ON FEBRUARY 7, 1845, Congressman John D. Cummins rose in the House of Representatives to add his voice to those clamoring for U.S. possession of the Oregon Territory, then occupied jointly by the United States and Britain. He declared that these opulent Northwest lands were “the master key of the commerce of the universe.” Put that territory under U.S. jurisdiction, he argued, and soon the country would witness “an industrious, thriving, American population” and “flourishing towns and embryo cities” facing west upon the Pacific within four thousand miles of vast Asian markets. Contemplate, he added, ribbons of railroad track across America, connecting New York, Boston and Philadelphia to those burgeoning West Coast cities and ports.
Furthermore, he said, the “inevitable eternal laws of trade” would make America the necessary passageway for “the whole eastern commerce of Europe.” European goods, traversing the American continent, could get to Asia in little more than seven weeks, whereas the traditional sea routes generally required seven months. “The commerce of the world would thus be revolutionized,” said Cummins. “Great Britain must lose her commercial supremacy in the Pacific; and the portion of its commerce which forced its destination there must pay tribute to us.”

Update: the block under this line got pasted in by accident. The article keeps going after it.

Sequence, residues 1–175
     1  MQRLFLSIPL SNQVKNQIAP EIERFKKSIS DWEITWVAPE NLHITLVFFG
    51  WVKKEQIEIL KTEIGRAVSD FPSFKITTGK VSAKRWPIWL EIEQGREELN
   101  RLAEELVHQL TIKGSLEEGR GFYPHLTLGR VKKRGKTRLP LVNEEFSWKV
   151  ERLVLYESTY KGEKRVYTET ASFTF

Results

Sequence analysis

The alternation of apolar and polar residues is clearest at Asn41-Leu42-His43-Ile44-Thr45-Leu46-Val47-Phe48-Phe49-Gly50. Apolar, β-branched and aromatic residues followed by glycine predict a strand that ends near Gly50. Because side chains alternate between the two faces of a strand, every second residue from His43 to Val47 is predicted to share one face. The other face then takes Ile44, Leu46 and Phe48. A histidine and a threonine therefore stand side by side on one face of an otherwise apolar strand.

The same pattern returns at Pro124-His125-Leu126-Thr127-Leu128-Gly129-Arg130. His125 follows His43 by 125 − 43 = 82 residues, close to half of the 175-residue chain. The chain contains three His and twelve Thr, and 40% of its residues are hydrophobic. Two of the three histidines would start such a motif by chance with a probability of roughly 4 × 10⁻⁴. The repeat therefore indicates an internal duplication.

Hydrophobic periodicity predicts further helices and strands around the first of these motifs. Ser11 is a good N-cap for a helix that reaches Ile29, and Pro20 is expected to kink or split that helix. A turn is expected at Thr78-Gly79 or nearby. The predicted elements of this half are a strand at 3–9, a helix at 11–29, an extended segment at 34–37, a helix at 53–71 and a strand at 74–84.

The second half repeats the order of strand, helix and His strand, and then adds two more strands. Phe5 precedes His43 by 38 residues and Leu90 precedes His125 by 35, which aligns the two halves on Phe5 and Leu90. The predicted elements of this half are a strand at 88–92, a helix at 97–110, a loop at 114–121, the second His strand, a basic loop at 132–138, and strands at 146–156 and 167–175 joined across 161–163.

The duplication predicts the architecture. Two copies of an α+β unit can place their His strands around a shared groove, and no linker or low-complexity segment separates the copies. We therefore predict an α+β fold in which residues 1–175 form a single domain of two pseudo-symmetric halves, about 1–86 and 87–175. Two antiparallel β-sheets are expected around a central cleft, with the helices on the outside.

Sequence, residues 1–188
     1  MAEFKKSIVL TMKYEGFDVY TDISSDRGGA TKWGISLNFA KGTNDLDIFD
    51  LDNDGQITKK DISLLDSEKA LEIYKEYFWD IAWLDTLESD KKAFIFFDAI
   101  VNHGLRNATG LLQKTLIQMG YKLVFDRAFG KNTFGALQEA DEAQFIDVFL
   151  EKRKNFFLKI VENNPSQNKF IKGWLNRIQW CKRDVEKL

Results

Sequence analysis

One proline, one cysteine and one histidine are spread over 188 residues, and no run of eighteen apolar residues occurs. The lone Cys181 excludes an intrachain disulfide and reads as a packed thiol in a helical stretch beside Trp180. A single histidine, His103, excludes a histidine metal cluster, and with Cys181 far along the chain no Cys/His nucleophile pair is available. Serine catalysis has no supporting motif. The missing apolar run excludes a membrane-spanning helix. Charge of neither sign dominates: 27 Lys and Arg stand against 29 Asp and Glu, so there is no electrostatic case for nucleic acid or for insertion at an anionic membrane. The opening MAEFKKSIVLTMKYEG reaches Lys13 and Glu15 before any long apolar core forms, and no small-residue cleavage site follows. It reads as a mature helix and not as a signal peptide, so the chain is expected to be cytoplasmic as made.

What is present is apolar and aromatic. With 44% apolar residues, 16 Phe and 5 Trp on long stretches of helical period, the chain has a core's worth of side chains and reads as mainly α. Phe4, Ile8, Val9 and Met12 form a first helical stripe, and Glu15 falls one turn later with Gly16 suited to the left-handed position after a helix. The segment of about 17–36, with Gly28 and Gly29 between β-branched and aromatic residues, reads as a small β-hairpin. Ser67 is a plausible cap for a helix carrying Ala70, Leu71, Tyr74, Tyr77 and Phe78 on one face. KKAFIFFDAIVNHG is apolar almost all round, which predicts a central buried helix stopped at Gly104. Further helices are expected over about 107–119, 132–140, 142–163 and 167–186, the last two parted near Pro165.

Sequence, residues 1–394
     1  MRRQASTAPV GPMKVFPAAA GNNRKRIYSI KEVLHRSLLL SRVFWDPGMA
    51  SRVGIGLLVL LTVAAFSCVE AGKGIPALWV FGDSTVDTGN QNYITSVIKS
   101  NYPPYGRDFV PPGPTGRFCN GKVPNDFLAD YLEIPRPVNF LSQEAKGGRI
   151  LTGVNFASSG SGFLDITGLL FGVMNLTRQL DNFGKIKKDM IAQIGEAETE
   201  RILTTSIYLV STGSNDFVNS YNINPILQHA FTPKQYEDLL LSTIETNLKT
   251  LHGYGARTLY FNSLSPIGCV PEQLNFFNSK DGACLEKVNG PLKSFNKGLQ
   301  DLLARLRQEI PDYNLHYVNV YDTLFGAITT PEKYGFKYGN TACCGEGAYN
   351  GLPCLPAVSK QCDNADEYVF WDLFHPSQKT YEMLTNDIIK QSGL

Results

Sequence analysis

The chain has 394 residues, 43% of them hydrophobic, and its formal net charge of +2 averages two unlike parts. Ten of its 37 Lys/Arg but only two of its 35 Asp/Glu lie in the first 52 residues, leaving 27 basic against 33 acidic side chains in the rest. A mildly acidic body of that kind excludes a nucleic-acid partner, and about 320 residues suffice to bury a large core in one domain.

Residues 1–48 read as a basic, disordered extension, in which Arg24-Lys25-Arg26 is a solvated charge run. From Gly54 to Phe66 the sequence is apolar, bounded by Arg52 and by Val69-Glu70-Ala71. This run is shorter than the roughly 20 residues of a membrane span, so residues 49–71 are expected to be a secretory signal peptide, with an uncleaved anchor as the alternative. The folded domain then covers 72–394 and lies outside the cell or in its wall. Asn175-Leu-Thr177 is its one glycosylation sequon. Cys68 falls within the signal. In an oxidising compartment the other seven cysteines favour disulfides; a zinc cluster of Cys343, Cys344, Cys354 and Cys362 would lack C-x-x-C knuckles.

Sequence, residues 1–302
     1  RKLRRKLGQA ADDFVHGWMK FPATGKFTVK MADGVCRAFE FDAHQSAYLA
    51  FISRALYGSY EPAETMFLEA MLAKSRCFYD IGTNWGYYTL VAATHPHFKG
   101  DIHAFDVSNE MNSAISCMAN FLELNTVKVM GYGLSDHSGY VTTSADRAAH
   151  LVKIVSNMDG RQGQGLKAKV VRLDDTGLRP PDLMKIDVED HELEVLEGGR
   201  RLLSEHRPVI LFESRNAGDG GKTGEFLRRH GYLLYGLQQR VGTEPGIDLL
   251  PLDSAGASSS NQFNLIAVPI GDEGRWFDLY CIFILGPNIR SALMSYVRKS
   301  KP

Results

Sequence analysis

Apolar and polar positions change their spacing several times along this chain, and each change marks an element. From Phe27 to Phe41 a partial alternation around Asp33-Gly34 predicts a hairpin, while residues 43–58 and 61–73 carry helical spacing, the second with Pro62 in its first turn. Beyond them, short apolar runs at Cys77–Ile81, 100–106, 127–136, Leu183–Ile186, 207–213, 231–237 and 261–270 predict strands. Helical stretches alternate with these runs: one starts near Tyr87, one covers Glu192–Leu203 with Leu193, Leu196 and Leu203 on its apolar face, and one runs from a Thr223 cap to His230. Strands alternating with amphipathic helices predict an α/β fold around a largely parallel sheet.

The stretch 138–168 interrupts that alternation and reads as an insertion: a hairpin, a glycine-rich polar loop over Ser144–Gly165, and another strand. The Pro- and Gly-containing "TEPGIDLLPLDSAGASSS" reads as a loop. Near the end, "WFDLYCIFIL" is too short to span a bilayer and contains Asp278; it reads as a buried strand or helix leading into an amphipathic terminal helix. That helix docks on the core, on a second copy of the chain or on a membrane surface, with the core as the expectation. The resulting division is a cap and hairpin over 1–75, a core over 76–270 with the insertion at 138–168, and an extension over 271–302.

Cummins’s speech reflected a fundamental reality about America: its quest for expansion and national grandeur was pretty much irrepressible. There were, as always, the naysayers and critics. Henry Clay argued for confining American settlement to lands east of the Rocky Mountains and postponing occupation of Oregon for some forty years. But most Americans recoiled at such a cramped view, and Clay’s similarly blinkered opposition to the annexation of Texas probably cost him the presidency in 1844. If America was a country of vast designs, as Emerson said, then its westward push, known then and now as Manifest Destiny, was never destined to stop at the Pacific.
This history is worth pondering in the aftermath of China’s declaration last November that its so-called air defense identification zone now encompassed most of the East China Sea. U.S. secretary of defense Chuck Hagel promptly called the action “a destabilizing attempt to alter the [region’s] status quo.” And Paul Haenle, director of the Carnegie-Tsinghua Center for Global Policy at Beijing’s Tsinghua University, warned that the move could set China on a collision course with Japan over disputed islands in the area. China’s provocation, he said, renders “the already dangerous area surrounding the islands even more ripe for an inadvertent collision.” Such a collision almost inevitably would draw in America, given its defense treaty with Japan.
It wasn’t surprising that commentators and analysts would see China’s action, and the tensions it could unleash, as a harbinger of growing hostility between China and the United States over which country will dominate East Asia. Many see the situation as a classic confrontation of the kind that ensues when a rising power challenges an established power—as when, for example, Rome challenged Carthage, Britain challenged Spain, America challenged a reduced Spain and Wilhelmine Germany challenged Great Britain for preeminence. As the BBC’s Jonny Dymond put it, “For seven decades the US has been the dominant military power in the region. China has given Washington notice that change is afoot. Peaceful management of that change is one of the great strategic challenges of the 21st Century.”